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New Printer Produces 3D Objects


A $1,500 Bits from Bytes RapMan printer

A $1,500 Bits from Bytes RapMan printer

Recent advances in rapid prototyping technology allow engineers to produce plastic objects of their own design right on their desks. A development attracting the attention of everyone from hobbyists to entertainment and automotive industry professionals. While most printers have cost tens or hundreds of thousands of dollars, newer models, such as 2010's BFB panther, lower the price to a few thousand. Rapid prototyping technology offers both efficient and cost-saving advantages to the design process.

Engineer Keith Curtis is with Microchip Technology Inc., a semiconductor manufacturer based in Arizona. The company often needs prototypes to show customers how small items, like some plastic car parts, might work when attached to a larger unit. He says that the ability to produce an object in the office has enhanced the design process.

"With the prototyping machine, what it allows us to do is basically try out ideas," said Keith Curtis.

Before they had a 3D printer, Curtis says that crafting these objects was complicated, often involving a third-party.

"And now when our salesman goes into the customer and instead of saying, 'Well can you give me two pieces of plastic and can you give me all this stuff,' he can go in and say, 'Well we did this example, which kind of looks like what you are doing, and here it is working,'" he said.

Curtis and his team use one of the least expensive 3D printers, a $1,500 model that requires assembly by the user. He says learning how to build and best use the machine were the difficult parts, and since then it has operated without malfunction.

Some 3D printers can run into the tens or even hundreds of thousands of dollars. Smaller models, like the one Microchip uses, can fit on a desktop, while others span several feet in width and height.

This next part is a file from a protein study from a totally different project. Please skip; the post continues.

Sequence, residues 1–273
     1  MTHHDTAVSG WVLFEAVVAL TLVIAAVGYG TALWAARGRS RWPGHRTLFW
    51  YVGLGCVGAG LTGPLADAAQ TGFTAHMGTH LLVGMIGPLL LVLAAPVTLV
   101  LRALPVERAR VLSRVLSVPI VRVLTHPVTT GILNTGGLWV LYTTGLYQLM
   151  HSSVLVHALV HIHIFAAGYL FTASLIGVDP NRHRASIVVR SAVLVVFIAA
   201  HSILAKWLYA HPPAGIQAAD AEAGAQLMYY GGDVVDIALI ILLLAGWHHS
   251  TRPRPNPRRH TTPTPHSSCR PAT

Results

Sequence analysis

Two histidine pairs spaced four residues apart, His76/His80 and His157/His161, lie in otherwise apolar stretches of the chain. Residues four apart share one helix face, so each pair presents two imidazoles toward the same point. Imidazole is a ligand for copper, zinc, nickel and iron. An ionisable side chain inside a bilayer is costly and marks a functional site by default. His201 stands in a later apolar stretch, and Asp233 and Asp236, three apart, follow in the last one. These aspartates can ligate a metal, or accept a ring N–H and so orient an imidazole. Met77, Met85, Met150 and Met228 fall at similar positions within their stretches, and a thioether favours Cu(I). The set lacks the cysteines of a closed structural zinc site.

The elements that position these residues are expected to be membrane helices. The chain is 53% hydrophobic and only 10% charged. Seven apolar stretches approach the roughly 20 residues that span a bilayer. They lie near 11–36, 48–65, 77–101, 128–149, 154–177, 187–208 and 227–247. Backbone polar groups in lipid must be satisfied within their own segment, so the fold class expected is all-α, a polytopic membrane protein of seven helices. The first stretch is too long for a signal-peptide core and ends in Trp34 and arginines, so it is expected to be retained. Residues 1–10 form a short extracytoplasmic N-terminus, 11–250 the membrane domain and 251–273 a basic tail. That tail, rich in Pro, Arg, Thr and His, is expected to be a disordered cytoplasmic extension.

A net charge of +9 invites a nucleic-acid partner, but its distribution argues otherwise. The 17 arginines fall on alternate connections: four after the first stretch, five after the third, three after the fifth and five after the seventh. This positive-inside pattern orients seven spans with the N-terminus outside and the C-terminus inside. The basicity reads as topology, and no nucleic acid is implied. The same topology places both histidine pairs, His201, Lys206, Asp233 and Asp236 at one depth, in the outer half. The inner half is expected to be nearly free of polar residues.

David Cox holding a Statue of Liberty figure made by a 3D printer

David Cox holding a Statue of Liberty figure made by a 3D printer



Purple Platypus, a 3D distribution company based in California, carries several printer models. Its founder, David Cox, says that regardless of their size or expense, most of these printers operate under the same principle.

"So this extrusion technology is really another way for a glue gun," said David Cox. "It is basically a motorized glue gun that prints layer by layer."

Inside each printer on display at Purple Platypus, a mechanism feeds extremely thin layers of material, mostly plastic and rubber, back and forth over a base. Often within several hours, the printer turns a computer-designed image into a 3D prototype from the bottom-up.

Cox says these 3D printers offer several advantages. First, sending a design to a third party production team usually requires days of waiting for one object. Second, for businesses with a high demand for prototypes, these in-house machines and their materials are more cost effective.

Current 3D printers do not offer consumers much beyond prototyping, but research into 3D printing technology extends far beyond plastic models. Joel Johnson is a reporter who has covered rapid prototyping for Gizmodo, an online technology guide.

"This is definitely an area of technology where the implication of the technology is far, far more interesting and long-term and profound than the immediate state of it is," said Joel Johnson.

Bio-engineers are currently researching the machines' ability to print organic tissue while some inventors are looking into ways to produce large-scale objects for more long-term use.

"Everything that you can make with this stuff right now is generally going to be of relatively brittle plastic," he said. "Nothing is anywhere close to creating that has the strength or the durability or even the price efficiency of a normal consumer good right now."

While many industries are looking into the future of this technology, for the moment 3D printers offer a unique tool for design application.

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